Whychcote

Portslade ‘Old Village’ is to Portslade what Southwick Square is to Southwick and Old Shoreham is to, well, Shoreham. It’s tucked away off the main road and is a delight to the eye; but knowing where to look and how to find it is essential.

Leading up from the Old Shoreham Road, substantial properties quickly appear on the right-hand side of Locks Hill starting with Loxdale and Portslade Lodge. Locks Hill becomes South Street where Whychcote and the Brewery (today occupied by Le Carbone) come next. Easthill House, Portslade Manor and St. Nicolas’s Church are all just a stone’s throw away.

Whychcote would never have been built had it not been for the Brewery. The Brewery, covering almost one acre, was built in 1881 (as is clearly stated on its grand chimney) for John Dudney. When Dudney was its proprietor, it was capable of producing one thousand barrels per week. Two brothers, Walter and Herbert Mews (aged 27 and 25 respectively), bought it from him in 1884 for £17,000. Each then built a substantial residence in its close vicinity – Whychcote for Herbert in 1895 and Loxdale for Walter in 1899.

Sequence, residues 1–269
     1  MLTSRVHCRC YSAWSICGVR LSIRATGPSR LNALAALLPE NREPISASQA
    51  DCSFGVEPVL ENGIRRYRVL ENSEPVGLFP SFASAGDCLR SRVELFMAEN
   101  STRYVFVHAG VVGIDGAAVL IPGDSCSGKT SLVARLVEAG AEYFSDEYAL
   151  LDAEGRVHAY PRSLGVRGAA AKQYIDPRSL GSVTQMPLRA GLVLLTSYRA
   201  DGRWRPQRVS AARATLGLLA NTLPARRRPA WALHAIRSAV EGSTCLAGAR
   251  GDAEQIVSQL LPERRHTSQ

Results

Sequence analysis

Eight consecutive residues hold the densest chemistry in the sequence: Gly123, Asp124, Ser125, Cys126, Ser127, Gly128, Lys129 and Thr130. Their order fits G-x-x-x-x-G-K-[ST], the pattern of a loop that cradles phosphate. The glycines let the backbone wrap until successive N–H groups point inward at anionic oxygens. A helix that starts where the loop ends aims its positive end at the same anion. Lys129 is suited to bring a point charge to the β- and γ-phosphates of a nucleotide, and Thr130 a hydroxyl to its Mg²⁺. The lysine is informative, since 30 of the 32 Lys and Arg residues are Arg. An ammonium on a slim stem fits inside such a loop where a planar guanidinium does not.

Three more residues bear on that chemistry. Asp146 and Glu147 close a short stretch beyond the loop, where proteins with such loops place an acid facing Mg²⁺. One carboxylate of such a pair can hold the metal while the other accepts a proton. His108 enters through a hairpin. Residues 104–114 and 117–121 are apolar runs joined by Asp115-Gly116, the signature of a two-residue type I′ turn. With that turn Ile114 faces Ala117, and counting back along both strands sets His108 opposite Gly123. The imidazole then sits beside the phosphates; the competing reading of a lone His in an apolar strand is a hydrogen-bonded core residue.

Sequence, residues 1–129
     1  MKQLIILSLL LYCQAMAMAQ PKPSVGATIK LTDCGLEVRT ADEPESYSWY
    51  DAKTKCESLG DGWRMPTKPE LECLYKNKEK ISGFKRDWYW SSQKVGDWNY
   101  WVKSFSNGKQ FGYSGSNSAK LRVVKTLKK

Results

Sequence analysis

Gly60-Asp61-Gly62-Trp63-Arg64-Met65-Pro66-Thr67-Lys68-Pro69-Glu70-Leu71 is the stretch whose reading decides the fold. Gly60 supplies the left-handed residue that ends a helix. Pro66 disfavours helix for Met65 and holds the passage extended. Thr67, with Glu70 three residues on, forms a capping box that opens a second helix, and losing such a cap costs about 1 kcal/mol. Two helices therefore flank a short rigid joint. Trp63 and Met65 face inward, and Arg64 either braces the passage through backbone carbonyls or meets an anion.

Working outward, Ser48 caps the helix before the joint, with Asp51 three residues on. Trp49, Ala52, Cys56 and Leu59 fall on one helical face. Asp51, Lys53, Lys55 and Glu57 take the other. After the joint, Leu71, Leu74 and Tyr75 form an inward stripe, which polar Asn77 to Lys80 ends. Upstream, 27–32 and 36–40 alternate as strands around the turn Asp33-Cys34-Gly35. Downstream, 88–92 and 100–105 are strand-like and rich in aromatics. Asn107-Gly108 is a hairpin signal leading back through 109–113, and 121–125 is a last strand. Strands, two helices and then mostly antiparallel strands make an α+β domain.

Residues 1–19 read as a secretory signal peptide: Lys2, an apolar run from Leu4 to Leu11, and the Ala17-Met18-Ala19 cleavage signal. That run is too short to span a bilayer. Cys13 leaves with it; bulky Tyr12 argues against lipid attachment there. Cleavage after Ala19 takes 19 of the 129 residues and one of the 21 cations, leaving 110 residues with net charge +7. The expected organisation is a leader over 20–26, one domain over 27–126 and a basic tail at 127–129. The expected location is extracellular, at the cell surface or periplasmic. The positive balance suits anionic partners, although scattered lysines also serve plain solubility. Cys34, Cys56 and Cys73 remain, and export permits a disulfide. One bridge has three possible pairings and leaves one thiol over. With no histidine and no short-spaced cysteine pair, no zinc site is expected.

The reason for the choice of the name ‘Whychcote’, meaning ‘the home of the witch’, is uncertain. It is certainly an imposing building but not exactly a witch’s. A woman thought to be a witch, however, did live in the area not long before the Mews brothers arrived. Timbers (both inside and out), gables and chimneys characterise Whychcote though its greatest attribute is perhaps its prime location on the village green. Interestingly, Andrew Melville, the owner of Whychcote during the 1930s, also owned the green and attempted to develop it. Another controversy took place in 1989 when it was discovered that Adur District Council wanted to turn Whychcote into a homeless hostel. Whychcote was bought for £357,000 in 2000 and the then owners carried out substantial works. It subsequently sold for a bargain £465,000 in 2002.

As Brighton & Hove feels the pinch of a national housing shortage, Portslade will one day have to take on a share of new residents. The replacement of dreary 1950s structures should one day provide an excellent opportunity to reintroduce flint, timber and other original materials using modern construction techniques. Let’s just hope that the developers know how to find their way to the Old Village for inspiration when the time inevitable comes!